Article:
International management in FM is one of those subjects not many people write about. To be fair, I have always considered it a welcome distraction to get through the summer months in FM, when I was unable to organise friendlies and I had completed my transfer market antics. At best, it was a good way to speed up my progression on the leader boards by adding additional silverware to my collection.
When the guys at Clear Cut Chance offered me the chance to write about the subject, I tried to be more methodical in my approach to international management and these are the main ideas I have come up with to try and help you improve your performances on the international stage.
Setting up your backroom staff
Managing a national team generally means you have a plethora of talent available to you. Whilst this sounds ideal, it’s not necessarily easier than managing a club team. You have to select the right players to get the job done, which is generally a lot harder than just selecting the supposedly best players a nation has to offer. The first step is always evaluating the players at your disposal, looking at their attributes and getting your scouts to file reports on the players you could potentially call up. In terms of evaluating, don’t be afraid to use scout reports for opinions on individual players, as well as using the assistants report to get a quick overview of current squad. What many people tend to forget is that a national team’s manager can assign scouts scower the ends of the earth to find players for the national teams or assess the current status of potential internationals. Whilst the national team can generally only sign one or two scouts, you are able to circumvent this restriction by signing a bunch of coaches and sending them out to scout potential internationals. Sending them out is basically a form of crowd-sourcing. When you are trying to gauge a players potential, use the scouts you have. They are, provided you have good scouts, better at it than you are. They can also help you out with the roles a player is suited for. Get the opinions of your staff to back up your own judgement. The second benefit to an extensive backroom staff is that they can help you with preparing a so-called shadow squad. Always have possible replacements lined up, for every position and role in the squad. Injuries to key players can happen at any time and you have to have a list of potential replacements at the ready. I call this list my shadow squad, the players I can call upon when needed.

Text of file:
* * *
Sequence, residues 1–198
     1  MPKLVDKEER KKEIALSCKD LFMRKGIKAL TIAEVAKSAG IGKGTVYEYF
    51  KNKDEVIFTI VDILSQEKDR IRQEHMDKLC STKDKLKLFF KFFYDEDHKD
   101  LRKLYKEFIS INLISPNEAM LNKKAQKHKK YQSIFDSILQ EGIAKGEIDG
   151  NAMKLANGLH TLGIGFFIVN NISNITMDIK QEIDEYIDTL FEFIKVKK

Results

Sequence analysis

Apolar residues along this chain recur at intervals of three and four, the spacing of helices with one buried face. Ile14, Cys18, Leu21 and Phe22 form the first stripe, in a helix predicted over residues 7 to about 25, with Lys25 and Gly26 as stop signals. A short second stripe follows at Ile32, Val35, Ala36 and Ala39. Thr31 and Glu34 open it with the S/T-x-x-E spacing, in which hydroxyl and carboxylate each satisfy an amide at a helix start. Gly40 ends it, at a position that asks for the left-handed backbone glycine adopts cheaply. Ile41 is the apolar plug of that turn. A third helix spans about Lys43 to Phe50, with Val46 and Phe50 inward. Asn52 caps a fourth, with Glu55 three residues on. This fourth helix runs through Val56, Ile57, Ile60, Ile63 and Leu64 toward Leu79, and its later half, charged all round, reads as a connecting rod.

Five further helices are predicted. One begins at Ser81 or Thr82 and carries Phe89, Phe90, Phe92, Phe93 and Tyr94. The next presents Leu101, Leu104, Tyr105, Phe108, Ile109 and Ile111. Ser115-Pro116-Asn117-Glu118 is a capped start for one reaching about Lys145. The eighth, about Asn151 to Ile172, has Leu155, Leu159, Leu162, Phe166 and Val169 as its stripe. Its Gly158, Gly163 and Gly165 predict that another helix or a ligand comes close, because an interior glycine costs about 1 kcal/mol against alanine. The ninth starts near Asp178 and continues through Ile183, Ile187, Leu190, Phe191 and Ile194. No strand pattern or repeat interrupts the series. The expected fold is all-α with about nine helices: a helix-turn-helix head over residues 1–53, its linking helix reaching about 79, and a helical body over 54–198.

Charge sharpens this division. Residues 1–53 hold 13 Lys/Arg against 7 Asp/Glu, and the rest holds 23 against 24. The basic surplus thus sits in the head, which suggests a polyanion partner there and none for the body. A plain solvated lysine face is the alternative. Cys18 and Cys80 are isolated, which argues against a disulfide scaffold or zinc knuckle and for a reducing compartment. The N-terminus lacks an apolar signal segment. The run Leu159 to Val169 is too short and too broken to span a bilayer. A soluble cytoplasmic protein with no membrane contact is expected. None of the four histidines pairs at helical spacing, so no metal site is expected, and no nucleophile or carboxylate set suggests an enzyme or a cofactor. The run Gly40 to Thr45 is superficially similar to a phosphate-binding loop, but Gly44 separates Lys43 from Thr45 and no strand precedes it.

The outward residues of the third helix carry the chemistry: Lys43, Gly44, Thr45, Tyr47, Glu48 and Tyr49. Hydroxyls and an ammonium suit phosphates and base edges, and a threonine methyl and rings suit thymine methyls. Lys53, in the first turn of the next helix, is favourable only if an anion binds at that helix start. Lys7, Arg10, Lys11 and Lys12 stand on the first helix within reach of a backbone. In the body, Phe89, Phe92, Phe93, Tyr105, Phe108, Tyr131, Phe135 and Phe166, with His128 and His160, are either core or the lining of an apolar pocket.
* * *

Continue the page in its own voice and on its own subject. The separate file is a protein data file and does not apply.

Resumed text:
Player selection dilemmas, do’s and don’ts
One of the important lessons I have learned when preparing shadow squads lists is don’t look at his past performances. These are not an indication of how this player will perform for your national side. A player may have been fielded in a different role, in a different style of tactic. Look at the attributes a player has and see if they fit the role you want a player to play, don’t look at past performances, as they can be deceptive.
When managing the Dutch national side, I once suffered an injury blow to both of my intended central midfielders, Strootman and De Jong. Whilst the former was easily replaced by moving De Guzman back a line, I struggled to replace the latter. Ebecilio, Van Ginkel and Clasie were all in contention for the spot. Instead of focussing on attributes, I was persuaded by Clasie’s sublime season at Juventus, where he was absolutely instrumental. On the pitch how-ever, he was no ball-winning, defensive-minded midfielder, which was what my team desperately needed.